If you can read The Age online, you can see more photos here, including yoof making the street even weirder by standing at strange angles. 

There is an annual charity fundraiser held in the street, a Jaffa lolly roll competition down the Baldwin Street hill. What great fun. About thirty years ago, Mother and her friend were in town at a cinema and Mother dropped a bag of Jaffas as they were finding their seats. It was a timber floor and Mother caused much disruption as Jaffas rolled down stairs. Did she do it deliberately? I don't know, but quite possibly.  

Go on then, watch a little of the one minute video.

Monday, November 28, 2016

Sad, touching but nice

I must be desperate to be posting a cat video, but never mind. It was meant to be saved for a desperate moment. This video is quite touching and many people feel sad for Elephant's Child who recently had to make a horrible decision about her loved Jewel. So many of us have been through it with our pets and it is just the worst thing. There is text in the vid so you don't really need the sound on unless you want to hear the accompanying music . 4:20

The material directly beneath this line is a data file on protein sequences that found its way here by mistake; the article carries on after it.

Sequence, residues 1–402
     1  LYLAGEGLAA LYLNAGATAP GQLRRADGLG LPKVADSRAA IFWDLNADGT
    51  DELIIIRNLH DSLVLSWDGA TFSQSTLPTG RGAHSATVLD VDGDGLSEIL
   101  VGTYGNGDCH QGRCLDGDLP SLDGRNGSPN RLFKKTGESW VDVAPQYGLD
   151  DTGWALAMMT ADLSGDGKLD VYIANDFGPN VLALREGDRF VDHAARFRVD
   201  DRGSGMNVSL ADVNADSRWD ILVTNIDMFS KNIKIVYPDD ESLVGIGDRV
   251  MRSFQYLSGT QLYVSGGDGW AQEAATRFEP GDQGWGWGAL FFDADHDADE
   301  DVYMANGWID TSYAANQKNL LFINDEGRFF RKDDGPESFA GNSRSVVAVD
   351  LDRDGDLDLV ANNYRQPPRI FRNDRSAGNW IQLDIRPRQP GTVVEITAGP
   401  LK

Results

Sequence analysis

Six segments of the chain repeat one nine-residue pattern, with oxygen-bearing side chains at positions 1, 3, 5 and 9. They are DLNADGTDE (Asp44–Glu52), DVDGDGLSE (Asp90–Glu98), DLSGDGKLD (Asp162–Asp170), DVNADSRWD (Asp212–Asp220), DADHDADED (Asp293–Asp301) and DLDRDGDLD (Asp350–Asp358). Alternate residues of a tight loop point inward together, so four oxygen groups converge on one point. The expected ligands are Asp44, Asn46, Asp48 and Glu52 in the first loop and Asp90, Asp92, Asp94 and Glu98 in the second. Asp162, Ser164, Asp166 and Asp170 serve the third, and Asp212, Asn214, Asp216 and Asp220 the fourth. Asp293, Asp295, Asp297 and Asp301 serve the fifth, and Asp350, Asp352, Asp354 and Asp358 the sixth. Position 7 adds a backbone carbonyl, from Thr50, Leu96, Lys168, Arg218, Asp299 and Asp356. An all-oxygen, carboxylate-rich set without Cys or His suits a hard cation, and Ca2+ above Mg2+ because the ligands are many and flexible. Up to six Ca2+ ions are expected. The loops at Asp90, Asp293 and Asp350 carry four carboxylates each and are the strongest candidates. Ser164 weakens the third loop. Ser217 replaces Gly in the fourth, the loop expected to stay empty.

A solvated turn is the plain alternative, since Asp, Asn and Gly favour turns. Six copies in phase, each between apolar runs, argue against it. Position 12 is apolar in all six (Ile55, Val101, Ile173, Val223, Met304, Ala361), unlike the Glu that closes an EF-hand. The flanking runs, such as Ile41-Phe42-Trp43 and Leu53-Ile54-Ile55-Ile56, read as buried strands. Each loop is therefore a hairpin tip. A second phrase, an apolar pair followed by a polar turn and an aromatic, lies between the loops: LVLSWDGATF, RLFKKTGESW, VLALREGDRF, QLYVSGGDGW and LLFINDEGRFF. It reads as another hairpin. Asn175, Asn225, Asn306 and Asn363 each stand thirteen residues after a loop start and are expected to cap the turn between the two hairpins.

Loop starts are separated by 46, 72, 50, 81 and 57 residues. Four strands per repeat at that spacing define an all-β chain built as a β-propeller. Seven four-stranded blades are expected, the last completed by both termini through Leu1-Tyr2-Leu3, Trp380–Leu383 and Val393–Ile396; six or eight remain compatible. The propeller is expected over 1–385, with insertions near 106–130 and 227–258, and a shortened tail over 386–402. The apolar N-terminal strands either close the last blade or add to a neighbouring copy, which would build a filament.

Sunday, November 27, 2016

Bunjil and So Cross Station

Bunjil is mythological eagle, seen by Australian Aboriginal people as a creator god and an ancestral connection. This 23 metre tall representation by artist Bruce Armstrong was sited in part of Docklands, an urban renewal area on the western edge of the city.

In my opinion and that of many people, Docklands planning has been a classic example of how not to go about urban development. Some even call it a disaster, where developers have been allowed to build tall towers with little restriction. Nevertheless, attempts are being made to retrofit what should have been part of building the development. Docklands is far from complete.